What’s in a name?
Photographers now have two choices when it comes to working with Lightroom to manage, edit and share their images – Lightroom CC or Lightroom CC Classic. Adobe are describing the difference as either ‘Cloud Centric’ or ‘Desktop Centric’.
If you are currently a Lightroom CC user your desktop application or ‘App’ will now be called Lightroom CC Classic. For most professional and keen amateur photographers this will continue to be your application of choice. The new Lightoom CC Cloud Centric app has not been designed to supersede or replace your existing workflow. The new Lightroom simply offers an alternative and streamlined workflow for users who want to store their master files in the Cloud.
The new version of Lightroom did not just spring out of thin air (or fall from Adobe’s Cloud in the sky). Adobe announced they were engaged in developmental work on a Cloud-Based Imaging App during the 2016 Adobe Max conference in Las Vegas. They called it ‘Project Nimbus’. Adobe then accidentally made the App available to some of its Creative Cloud users back in July 2017 – this meant that Adobe was still working on the project nearly a year later. This brings us today and Nimbus is now officially Lightroom CC and the program we have been calling Lightroom CC will now be known as Lightroom CC Classic. The idea behind the new Lightroom CC is that it is much more tightly integrated into working with Adobe’s Creative Cloud when compared to Lightroom CC Classic.
Why do we need a new Lightroom?
The new Lightroom CC now is designed to work with Lightroom Mobile and will offer a seamless transition when users switch between Mobile and Desktop. It will offer many users an easier way to find an image they are looking for, even if the image does not have keywords and the user cannot remember when they captured the image. Adobe’s Artificial Intelligence (called ‘Sensei’) is integrated into the new App and can recognize most subjects and descriptive words, such as colours or tones and will quickly find any image in your Library (so long as you describe it). The only thing that appears missing from the search feature, for the moment, is face recognition. The new Lightroom also offers 1-Terabyte worth of Cloud storage for every image the user imports into Lightroom CC. Users will not have to worry about where their images are stored or if the images are securely backed up onto a second drive (in case of hardware failure). For many users this will be reason enough to choose Lightroom CC over Lightroom CC Classic. For some users who have found it difficult to effectively manage a Lightroom Catalog, and are regularly frustrated when they see that their images or folders of images are missing, the new software will be a streamlined, simpler and welcome change.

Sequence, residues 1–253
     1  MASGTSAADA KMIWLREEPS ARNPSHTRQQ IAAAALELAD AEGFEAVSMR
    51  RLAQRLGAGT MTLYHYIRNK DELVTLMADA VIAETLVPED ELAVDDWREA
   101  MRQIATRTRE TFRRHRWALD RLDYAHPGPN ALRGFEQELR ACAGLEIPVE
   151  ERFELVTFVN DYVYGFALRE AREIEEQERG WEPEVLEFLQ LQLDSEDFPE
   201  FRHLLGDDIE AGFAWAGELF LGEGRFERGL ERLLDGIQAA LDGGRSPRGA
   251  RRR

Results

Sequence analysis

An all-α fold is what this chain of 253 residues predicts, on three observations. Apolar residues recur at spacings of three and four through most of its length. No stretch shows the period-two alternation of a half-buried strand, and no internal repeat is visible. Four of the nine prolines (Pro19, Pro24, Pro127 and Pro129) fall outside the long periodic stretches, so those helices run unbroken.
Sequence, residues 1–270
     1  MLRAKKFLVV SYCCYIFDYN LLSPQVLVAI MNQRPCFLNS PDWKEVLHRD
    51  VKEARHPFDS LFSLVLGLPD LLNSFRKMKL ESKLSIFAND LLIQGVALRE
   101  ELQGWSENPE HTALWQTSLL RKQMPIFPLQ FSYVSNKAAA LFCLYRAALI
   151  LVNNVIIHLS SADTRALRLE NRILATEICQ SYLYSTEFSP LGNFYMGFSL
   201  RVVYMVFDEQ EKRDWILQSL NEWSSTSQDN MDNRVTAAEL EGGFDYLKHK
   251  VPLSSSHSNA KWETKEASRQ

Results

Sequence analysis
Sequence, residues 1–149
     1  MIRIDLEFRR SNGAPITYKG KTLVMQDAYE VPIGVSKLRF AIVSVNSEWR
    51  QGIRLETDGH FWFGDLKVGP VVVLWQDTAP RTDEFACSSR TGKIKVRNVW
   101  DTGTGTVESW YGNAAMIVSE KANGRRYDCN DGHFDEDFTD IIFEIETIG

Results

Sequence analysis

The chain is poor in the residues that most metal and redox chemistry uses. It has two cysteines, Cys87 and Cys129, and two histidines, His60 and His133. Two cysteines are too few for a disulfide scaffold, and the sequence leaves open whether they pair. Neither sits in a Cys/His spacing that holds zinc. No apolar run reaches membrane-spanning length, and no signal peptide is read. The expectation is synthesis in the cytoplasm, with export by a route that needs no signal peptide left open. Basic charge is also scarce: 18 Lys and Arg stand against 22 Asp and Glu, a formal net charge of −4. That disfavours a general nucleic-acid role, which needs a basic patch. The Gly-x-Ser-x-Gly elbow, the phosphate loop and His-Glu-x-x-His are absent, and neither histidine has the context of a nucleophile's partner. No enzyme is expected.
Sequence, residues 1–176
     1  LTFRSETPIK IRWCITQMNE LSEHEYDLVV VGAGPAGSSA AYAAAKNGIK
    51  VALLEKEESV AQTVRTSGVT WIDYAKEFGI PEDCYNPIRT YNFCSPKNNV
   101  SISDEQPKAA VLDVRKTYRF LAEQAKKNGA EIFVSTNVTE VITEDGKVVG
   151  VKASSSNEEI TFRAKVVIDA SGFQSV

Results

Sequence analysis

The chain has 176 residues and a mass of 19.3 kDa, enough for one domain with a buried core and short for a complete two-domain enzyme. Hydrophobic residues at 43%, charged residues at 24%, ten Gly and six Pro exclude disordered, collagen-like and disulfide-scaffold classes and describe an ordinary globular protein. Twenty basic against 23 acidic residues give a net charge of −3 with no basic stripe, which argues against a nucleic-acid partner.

What are the advantages to using Lightroom CC?
Lightroom CC will be a lot easier for newcomers to Lightroom to manage and edit their images. Adobe has essentially done away with the modules. We simply see the images in a Grid or Edit view (no separate Library and Develop modules when we see the full-sized preview image). Image editing is still non-destructive (quick and easy but with slightly less advanced options) and any changes are quickly reflected in your Lightroom Mobile Apps (no need to sync collections of images from the desktop App).
Why wouldn’t I use Lightoom CC?
The new Lightroom CC imports all of your images and stores them locally and at full-resolution in Adobe’s Creative Cloud. If you capture images in the Raw quality setting and shoot lots of images you are looking at significant uploads of data. I do NOT recommend the new Lightroom CC if you do not have a fast Broadband Internet connection and a generous data allowance from your Internet Service Provider. Lightroom CC does not include the Book, Slideshow, Web or Print modules that are included with Lightroom CC Classic.
Are there any other Limitations to using Lightroom CC?
Lightroom CC has a broad range of non-destructive tools that many users have been enjoying in the latest versions of Lightroom Mobile, including Graduated and Radial Filters, an Adjustment Brush, Spot Removal and the HSL controls. If, however, you are an existing Lightroom user who is comfortable using the broad range of tools and features in the Develop module you may miss the following:
- Info Overlay with cropped dimensions
- Shadow and Highlight clipping warnings
- Soft Proofing
- Split Toning
- Tone Curve Adjustments
- Virtual Copies
Other features that are available have been simplified, i.e. some advanced options associated with an adjustment feature may not be possible. Some examples of this are as follows:
- There is only one Post-Crop Vignette Option (no choice between Highlight Priority and Color priority)
- There is no option to change the ‘Overlay’ colour when working with a localized adjustment
- You can save a ‘User Preset’ for editing settings but only with all of the settings you have used (not a subset)
- You can only publish directly to Facebook
- You cannot choose a color space other than sRGB on Export
- No Before and After side-by-side or split views
The new Lightroom CC is an attractive proposition for casual photographers who have fast Internet and want a simpler workflow with a Terabyte of online storage. For photographers currently enjoying the Lightroom Mobile apps the learning curve is super shallow. It’s a complete ‘no-brainer’. Photographers who want maximum control and flexibility over the image assets and enjoy advanced editing workflows will continue to use Adobe Lightroom CC Classic.
In the movies below Julieanne Kost (Adobe’s Photoshop Evangelist) outlines then differences between the two Lightroom Apps:
Mark is a Global Imaging Ambassador for Sony, an experienced educator and an Imaging Ambassador for Adobe. As well as public speaking he offers training in the form of creative workshops and one-on-one training.